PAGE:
Stacey Porter’s list of accomplishments is a long one. Tamworth’s first home-grown Australian softball representative, Porter became the first Indigenous athlete to represent Australia in softball at the Olympics when she competed at the 2004 Athens Olympics, where she helped the Aussie Spirit win silver. Four years later she won bronze in Beijing, later being bestowed the honour of captaining her country. Regarded as one of the world’s best hitters, in 2005 she was named Australian Softballer of the Year, and the Female Sportsperson of the Year at the Deadly Awards female. The former Peel High student was also recognised as NAIDOC Sportsperson of the Year in 2008. Currently leading the Aussie Spirit at the XVI Women’s Softball World Championships, Porter in February this year reached the milestone of 400 games for her country.
TAMWORTH softball product Stacey Porter has become just the second player to rack up 400 games for the Australian women's national softball team.
The Australian captain played her 400th game last Sunday in the final of the inaugural Asia Pacific Cup against Japan.
Born and raised in Tamworth, Porter started her softballing journey in the town and she said it was an “awesome” achievement to play so many games for Australia.
“You don’t set out to play 400 games for your country but it’s happened,” she said.
“I grew up as a kid playing in Tamworth and I grew up playing up there in the country.
“I worked at Softball NSW at this venue for a while and we’ve had a lot of softball played at this diamond so it’s pretty nice.”
The Asia Pacific Cup was held at Blacktown International Sportspark, the 2000 Olympic venue. Australia finished second behind world number two ranked team Japan, after a 3- 0 loss in Sunday’s final.
The Asia Pacific Cup was the biggest international women’s softball event to be held in Australia since the 2000 Olympic Games.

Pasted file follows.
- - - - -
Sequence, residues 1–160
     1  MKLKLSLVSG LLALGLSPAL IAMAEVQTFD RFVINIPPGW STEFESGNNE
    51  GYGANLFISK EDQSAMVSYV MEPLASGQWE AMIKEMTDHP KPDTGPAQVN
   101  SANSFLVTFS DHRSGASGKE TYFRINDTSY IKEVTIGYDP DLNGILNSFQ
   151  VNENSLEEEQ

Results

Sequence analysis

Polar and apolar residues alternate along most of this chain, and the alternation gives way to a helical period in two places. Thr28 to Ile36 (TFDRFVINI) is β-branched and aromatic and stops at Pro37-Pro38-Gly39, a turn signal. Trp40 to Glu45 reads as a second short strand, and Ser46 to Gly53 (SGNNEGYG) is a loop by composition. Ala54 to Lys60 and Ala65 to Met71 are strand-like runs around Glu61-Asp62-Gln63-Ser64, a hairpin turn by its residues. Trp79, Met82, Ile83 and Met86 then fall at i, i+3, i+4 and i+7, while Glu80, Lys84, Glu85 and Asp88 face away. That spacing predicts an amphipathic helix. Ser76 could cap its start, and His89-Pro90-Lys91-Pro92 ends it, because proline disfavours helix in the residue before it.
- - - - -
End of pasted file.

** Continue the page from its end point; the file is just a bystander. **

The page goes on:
Six of the top 12 teams in the world attended with Japan (world number two), Australia (world number four), Chinese Taipei (world number five), Italy (world number nine), New Zealand (world number 11) and China (world number 12) as well as a second Australian team called the All Stars.
It was an important event ahead of the Women’s Softball World Championship which are currently being held in Chiba, Japan, and are the first step towards qualifying for the Tokyo 2020 Olympics as the sport makes a return to the Olympic roster after a 12-year hiatus.
Porter has said she would love to go to a third Olympics, after winning a silver in Athens in 2004, where she had the distinction of being the only player to hit a run off the all-conquering US side, and bronze in Beijing in 2008.
Speaking to The Leader in 2003 Porter said selection in her first state team was what really started it all of for her.
“When you break into that first state team, it’s hard to stop, it’s just so exciting,” she said at the time.
She was notably named the batter of the under-16s national championships three consecutive years.
National honours followed, and after representing Australia at the under-19s Junior World Championships, she graduated to the senior side in 2002.
Making her debut in the series against Japan, the then 20-year old Porter became the 225th player to play for Australia.
She is second on the list of all-time games for Australian players, behind all-time record holder, four-time Olympic medallist and World Baseball Softball Confederation Hall of Fame member Natalie Ward, who played 429 games for Australia.